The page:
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Mocking Approaches

It is possible to use jest.spyOn for most of your mocking needs.

For instance, let's say we want to track how a user interacts with our website. If the user clicks on our banner, we will send a custom metrics event:

import sendMetric from "./send-metric";

const trackBannerClick = function() {
  sendMetric({
    eventType: "click.banner"
  });
};

const Banner = () => (
  <a href="..." onClick={trackBannerClick}>
    <img src="..." />
  </a>
);

For the implementation we will take the given eventType, and interact with the metrics service with the current time, and a unique marker showing the origin of the event:

src/metrics/index.js
import * as metricsService from "./metrics-service";

export default function({ eventType }) {
  metricsService.send({
    event: `my_application_namespace.${eventType}`,
    time: Date.now()
  });
}

Writing a test is very easy for this scenario. We can import the underlying metrics API, directly use jest.spyOn, and mock the functionality as required, and assert that we have interacted with the API as intended:

src/metrics/__tests__/index.spec.js
import sendMetric from "../index";
import * as originalMetricsService from "../metrics-service";

describe("metrics-mocking-example", function() {
  describe("when calling with a custom eventType", function() {
    beforeEach(function() {
      jest.spyOn(originalMetricsService, "send").mockReturnValueOnce(true);

      sendMetric({ eventType: "click.banner" });
    });

    it("calls the metrics service as expected", function() {
      expect(originalMetricsService.send).toHaveBeenCalledWith({
        event: "my_application_namespace.click_banner",
        time: 1523724949703
      });
    });
  });
});

The tests passed initially, but when we ran our tests again they failed:

time failure

It turns out that the hard-coded time stamp is the issue:

import sendMetric from "../index";
import * as originalMetricsService from "../metrics-service";

describe("metrics-mocking-example", function() {
  describe("when calling with a custom eventType", function() {
    beforeEach(function() {
      jest.spyOn(originalMetricsService, "send").mockReturnValueOnce(true);

      sendMetric({ eventType: "click.banner" });
    });

    it("calls the metrics service as expected", function() {
      expect(originalMetricsService.send).toHaveBeenCalledWith({
        event: "my_application_namespace.click_banner",
        time: 1523724949703
      });
    });
  });
});

There's many ways to fix this functionality. Firstly, if we do not care about the particular of the time, other than requiring it being a number:

import sendMetric from "../index";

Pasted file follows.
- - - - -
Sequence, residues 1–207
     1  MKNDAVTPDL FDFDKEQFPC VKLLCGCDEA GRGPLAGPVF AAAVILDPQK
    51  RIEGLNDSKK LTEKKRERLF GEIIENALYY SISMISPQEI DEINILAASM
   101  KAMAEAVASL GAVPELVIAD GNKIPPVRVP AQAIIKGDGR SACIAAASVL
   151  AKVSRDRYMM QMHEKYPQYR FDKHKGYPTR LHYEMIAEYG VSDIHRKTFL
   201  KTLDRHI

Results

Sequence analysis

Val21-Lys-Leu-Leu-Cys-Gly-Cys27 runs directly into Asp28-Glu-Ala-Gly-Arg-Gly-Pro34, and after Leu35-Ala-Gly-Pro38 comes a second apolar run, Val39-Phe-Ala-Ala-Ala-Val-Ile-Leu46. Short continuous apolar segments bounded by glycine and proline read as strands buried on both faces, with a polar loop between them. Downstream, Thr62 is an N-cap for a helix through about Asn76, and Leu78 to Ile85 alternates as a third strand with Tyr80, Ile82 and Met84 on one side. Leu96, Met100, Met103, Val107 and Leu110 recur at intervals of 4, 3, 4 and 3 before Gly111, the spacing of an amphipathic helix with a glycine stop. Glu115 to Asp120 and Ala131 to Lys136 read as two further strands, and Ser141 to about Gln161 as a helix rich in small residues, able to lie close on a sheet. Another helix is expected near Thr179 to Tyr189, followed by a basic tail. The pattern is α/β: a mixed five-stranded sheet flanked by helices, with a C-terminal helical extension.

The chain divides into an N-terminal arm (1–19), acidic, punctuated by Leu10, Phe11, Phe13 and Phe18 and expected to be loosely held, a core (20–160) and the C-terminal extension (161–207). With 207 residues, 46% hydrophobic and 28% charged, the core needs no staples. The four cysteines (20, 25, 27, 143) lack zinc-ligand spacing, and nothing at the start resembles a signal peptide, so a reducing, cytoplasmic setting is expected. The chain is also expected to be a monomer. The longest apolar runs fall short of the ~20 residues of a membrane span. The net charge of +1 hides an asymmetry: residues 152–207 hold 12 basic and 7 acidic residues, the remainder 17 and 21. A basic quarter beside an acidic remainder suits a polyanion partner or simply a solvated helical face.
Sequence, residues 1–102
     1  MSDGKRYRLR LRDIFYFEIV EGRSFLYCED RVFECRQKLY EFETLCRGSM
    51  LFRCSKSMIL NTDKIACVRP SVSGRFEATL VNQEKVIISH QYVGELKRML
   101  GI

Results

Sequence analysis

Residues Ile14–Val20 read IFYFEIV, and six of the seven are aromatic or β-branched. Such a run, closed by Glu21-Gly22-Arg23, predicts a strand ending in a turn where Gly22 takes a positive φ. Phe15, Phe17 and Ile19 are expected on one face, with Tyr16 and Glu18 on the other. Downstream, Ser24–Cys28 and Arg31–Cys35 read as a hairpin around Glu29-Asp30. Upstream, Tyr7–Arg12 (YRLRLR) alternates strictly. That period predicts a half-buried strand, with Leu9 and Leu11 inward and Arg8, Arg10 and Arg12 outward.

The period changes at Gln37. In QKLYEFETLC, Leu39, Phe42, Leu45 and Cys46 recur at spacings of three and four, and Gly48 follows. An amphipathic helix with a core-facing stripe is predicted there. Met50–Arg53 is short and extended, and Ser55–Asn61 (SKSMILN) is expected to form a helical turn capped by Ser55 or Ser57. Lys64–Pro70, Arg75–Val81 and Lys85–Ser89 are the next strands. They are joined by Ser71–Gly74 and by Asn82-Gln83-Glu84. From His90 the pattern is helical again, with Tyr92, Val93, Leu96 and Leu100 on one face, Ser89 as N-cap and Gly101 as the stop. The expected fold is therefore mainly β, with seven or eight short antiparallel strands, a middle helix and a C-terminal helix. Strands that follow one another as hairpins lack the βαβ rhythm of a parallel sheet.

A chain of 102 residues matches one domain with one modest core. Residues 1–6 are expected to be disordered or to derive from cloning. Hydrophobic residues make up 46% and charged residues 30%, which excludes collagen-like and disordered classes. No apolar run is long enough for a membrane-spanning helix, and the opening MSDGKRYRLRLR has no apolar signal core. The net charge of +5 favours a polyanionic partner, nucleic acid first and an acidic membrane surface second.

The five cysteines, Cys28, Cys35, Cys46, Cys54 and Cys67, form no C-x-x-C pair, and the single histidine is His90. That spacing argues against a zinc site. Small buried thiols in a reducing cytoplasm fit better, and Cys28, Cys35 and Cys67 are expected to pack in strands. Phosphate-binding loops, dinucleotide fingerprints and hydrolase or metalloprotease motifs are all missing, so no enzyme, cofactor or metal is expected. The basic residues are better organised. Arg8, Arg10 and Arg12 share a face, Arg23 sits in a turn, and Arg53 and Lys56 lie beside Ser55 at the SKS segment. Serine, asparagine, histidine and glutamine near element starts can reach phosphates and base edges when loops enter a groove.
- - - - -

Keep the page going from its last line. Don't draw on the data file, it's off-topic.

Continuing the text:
import * as originalMetricsService from "../metrics-service";

describe("metrics-mocking-example", function() {
  describe("when calling with a custom eventType", function() {
    beforeEach(function() {
      jest.spyOn(originalMetricsService, "send").mockReturnValueOnce(true);

      sendMetric({ eventType: "click.banner" });
    });

    it("calls the metrics service as expected", function() {
      expect(originalMetricsService.send).toHaveBeenCalledWith({
        event: "my_application_namespace.click_banner",
        time: expect.any(Number)
      });
    });
  });
});

If we care about the particular value, we can modify our test to include one of the following solutions:

// Use spyOn
jest.spyOn(Date, "now").mockReturnValueOnce(1234);

// Globally override time, remember jest is sandboxed
Date.now = function() {
  return 1234;
};

Advanced Jest Mocking

Jest additionally provides a very powerful module mocking system. However, the semantics of this can be unexpected in certain scenarios - as it uses babel to inspect and rewrite your code before it is ran.

Unlike jest.spyOn, you can use jest.mock(moduleName, factory, options) to rewrite entire modules:

jest.mock("../client", function() {
  return {
    get: jest.fn().mockReturnValueOnce(/* ... */),
    post: jest.fn().mockReturnValueOnce(/* ... */),
    delete: jest.fn().mockReturnValueOnce(/* ... */)
  };
});

When testing you may find yourself manually mocking all exposed methods of a given file. In this scenario it may be easier to rely on Jest's auto-mocking functionality which will mock all exposed functions by default if you do not supply a factory argument:

jest.mock("../foo", function() {
  return {
    fooMethod: jest.fn(),
    barMethod: jest.fn()
  };
});

// Equivalent to the above
// Mock all exposed methods
jest.mock("../foo");

With the automocking functionality, you can still spy on all functions within a module and modify particular behaviors too:

// Although this line appears first,
// the `jest.mock` will run first.
import someModule from "some-module";

// This will spyOn all of your module's
// functions by default. This is hoisted
// and runs first
jest.mock("some-module");

// Your test
beforeEach(function() {
  someModule.foo.mockReturnValueOnce("...");
});

Before making use of any of Jest's advanced mocking capabilities, consider whether ajest.spyOn would suffice instead.